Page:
Why we should teach Prigg

Paul Finkelman paul-finkelman at utulsa.edu
Thu Oct 20 11:12:03 PDT 2005


I will take a shot at this, but also urge you to look at my article on 
the case
Story Telling on the Supreme Court:  Prigg v. Pennsylvania and Justice 
Joseph Story's Judicial Nationalism, 1994 SUP. CT. REV. 247-94 (1995).
Prigg is more than just about the nation's; the case is the first case 
to articulate clearly a number of important con law doctirines:  
1:  It is the first time that a majority opinion asserts that there are 
"dormant" powers of Congress which would overrule a state law (so that 
even without the 1793 fugitive slave law the Pa. Personal Liberty Law of 
1826 would be unconstitutional);
2: It is the first case to discuss unfunded mandates, and declare that 
Congress can't make state actors act; it was the precursor to Printz, 
even though the Court lacked the intellecual honesty to cite it;
3:  It is probably the best early articulation of the premption doctrine.

Besides all this, is shows how Story (an icon of con law) was willing to 
rewrite history to achieve a particular result.  Story was so anxious to 
create a federal common law and to please that South that he totally 
rewrote the history of the Fug. Sl. Clause including his early own 
history of the fugiive slave clause as he set out in his Commentaries on 
the Constitution ten year before Prigg.

On the Sins of the nation, it is more than about slavery.  One or more 
of Margaret Morgan's children was born free in Pennsylvania; Margaret 
herself may have been free under Md. Law.  But Story was willing to 
ignore the fate of these free people in order to placate the South about 
slavery.

It is also a case that is cited later n in defense of federal civil 
rights acts -- if Congress can act -- and preempt state law -- to 
support slavery before the war, why can't Congress act and even preempt 
state law to protect civil rights?

I could say more, but I hope this is enough to set out what Prigg is 
important.

Paul Finkelman
Chapman Distinguished Professor
University of Tulsa College of Law
3120 East 4th Place
Tulsa, OK   74104-3189

918-631-3706 (office)
918-631-2194 (fax)

paul-finkelman at utulsa.edu




Tepker, Rick wrote:

> Could you elaborate on why you think Prigg is so important in an 
> introductory constitutional law survey?  When I taught it, it helped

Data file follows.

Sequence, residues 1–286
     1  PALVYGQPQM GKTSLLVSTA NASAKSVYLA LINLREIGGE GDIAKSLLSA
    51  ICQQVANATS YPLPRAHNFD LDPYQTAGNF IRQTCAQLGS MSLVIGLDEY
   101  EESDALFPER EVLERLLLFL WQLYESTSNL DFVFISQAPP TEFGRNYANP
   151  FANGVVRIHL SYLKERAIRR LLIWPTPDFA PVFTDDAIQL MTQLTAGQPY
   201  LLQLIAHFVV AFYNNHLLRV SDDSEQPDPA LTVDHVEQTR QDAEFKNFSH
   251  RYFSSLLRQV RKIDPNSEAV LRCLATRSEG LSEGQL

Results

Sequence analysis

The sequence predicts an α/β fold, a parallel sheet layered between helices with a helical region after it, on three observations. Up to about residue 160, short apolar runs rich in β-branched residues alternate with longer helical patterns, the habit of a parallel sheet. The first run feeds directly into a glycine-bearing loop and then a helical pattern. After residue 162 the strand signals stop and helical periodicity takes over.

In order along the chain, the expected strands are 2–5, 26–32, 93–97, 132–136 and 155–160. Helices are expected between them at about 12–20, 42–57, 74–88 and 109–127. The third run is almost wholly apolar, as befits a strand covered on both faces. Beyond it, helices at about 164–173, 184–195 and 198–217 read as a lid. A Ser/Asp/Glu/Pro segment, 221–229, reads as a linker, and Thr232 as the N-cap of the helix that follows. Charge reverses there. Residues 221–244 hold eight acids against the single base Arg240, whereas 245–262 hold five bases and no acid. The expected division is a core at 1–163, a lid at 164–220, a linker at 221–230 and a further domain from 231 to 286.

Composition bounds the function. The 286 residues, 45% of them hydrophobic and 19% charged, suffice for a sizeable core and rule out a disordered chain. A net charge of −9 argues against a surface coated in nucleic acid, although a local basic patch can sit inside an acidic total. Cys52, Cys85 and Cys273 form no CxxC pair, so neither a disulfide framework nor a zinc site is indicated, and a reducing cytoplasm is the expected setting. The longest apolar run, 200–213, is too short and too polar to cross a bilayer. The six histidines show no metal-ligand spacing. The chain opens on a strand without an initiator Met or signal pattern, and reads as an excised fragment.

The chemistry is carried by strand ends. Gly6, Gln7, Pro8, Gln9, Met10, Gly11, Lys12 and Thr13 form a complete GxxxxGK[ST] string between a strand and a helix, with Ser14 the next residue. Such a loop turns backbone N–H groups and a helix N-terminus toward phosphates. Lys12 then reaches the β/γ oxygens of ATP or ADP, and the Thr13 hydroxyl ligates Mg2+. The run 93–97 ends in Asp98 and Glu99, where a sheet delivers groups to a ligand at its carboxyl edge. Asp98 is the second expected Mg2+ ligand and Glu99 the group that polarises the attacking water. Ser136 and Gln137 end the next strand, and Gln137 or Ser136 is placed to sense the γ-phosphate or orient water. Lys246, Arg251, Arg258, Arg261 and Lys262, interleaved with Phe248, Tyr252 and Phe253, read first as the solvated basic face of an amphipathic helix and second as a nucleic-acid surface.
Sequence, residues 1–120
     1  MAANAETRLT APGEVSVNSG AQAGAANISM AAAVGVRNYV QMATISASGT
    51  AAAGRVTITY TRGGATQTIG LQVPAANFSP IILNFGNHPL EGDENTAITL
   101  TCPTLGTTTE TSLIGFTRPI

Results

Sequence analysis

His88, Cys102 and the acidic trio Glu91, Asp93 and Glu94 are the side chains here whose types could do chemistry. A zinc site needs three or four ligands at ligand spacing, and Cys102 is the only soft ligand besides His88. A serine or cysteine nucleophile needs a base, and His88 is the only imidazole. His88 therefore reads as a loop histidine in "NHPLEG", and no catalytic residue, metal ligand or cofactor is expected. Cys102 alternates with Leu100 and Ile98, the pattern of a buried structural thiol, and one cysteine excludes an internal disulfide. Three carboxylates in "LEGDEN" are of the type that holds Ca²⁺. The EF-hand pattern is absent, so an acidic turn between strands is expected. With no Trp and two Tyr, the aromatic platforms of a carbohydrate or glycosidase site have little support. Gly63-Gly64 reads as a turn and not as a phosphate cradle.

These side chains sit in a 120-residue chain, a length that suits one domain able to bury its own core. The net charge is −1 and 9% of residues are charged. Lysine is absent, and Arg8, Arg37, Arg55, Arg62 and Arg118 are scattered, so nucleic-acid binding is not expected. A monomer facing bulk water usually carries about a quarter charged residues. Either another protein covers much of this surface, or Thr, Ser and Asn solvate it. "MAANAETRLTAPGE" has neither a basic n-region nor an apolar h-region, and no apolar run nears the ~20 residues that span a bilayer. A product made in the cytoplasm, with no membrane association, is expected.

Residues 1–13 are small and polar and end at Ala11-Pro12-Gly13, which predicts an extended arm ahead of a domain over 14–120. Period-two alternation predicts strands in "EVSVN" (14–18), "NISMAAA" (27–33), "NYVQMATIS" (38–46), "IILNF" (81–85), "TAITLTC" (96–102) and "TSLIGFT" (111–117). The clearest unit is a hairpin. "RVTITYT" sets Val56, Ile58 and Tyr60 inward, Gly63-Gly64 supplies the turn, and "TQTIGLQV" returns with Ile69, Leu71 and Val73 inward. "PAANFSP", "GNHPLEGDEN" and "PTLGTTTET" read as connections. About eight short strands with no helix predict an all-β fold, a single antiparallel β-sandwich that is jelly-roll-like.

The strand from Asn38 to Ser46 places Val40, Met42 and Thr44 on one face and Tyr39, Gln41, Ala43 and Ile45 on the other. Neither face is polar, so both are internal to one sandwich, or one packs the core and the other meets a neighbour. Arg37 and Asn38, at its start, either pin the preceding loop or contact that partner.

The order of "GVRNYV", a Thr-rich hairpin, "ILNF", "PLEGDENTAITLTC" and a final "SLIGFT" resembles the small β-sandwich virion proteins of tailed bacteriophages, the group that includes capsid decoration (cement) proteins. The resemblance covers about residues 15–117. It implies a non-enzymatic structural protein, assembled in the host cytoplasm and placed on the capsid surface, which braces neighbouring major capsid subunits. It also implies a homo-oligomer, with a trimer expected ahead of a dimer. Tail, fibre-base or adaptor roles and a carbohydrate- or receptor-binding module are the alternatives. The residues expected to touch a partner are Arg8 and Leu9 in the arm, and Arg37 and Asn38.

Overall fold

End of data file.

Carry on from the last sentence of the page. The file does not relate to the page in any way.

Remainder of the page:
> satisfy my frustrated desires to be an American history teacher and to 
> introduce my students to the nation's sins.  But are you saying 
> something else?
>
>  
>
> Rick Tepker
>
> Calvert Chair of Law and Liberty
>
>   & Professor of Law
>
> University of Oklahoma
>
> Norman, Oklahoma
>
> 405.325.4832
>
> __________________________
>
> ------------------------------------------------------------------------
>
> From: conlawprof-bounces at lists.ucla.edu 
> [mailto:conlawprof-bounces at lists.ucla.edu] On Behalf Of Sanford Levinson
> Sent: Thursday, October 20, 2005 11:05 AM
> To: whoooo26505 at yahoo.com; mgraber at gvpt.umd.edu; ebraman at indiana.edu
> Cc: lawcourts-l at usc.edu; conlawprof at lists.ucla.edu
> Subject: Re: politics and Marbury v. Madison.
>
>  
>
> Simply to repeat the main point:  I have no doubt that one can make a 
> great show out of teaching Marbury for a week.  The question is the 
> opportunity cost.  The sad fact is that I all too easily imagine hosts 
> of students who are never introduced to Prigg and Dre Scott, and I 
> think that's a disgrace with pernicious consequences for the health of 
> a polity in which lawyers play a disproportionate role.
>
> While I'm at it, let me admit that I literally cannot understabd why 
> anyone would be "inspired" by Marbury:  Marshall may thunder about the 
> wrong fone to Marbury, but the final message is that he's left high 
> and dry, either because of a legal technicality involving jurisdiction 
> (assuming you take his argument seriously, which of course I don't) or 
> because of a ruthless calculation that Marbury's right takes second 
> place to protecting the institutional interest of the Supreme Court 
> and/or the personal interests of judges who wanted to avoid 
> impeachment.  I find Marbury as inspiring as Prigg.
>
> Sandy
> - Sanford Levinson
> (Sent from a Blackberry)
>
>------------------------------------------------------------------------
>
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-- 


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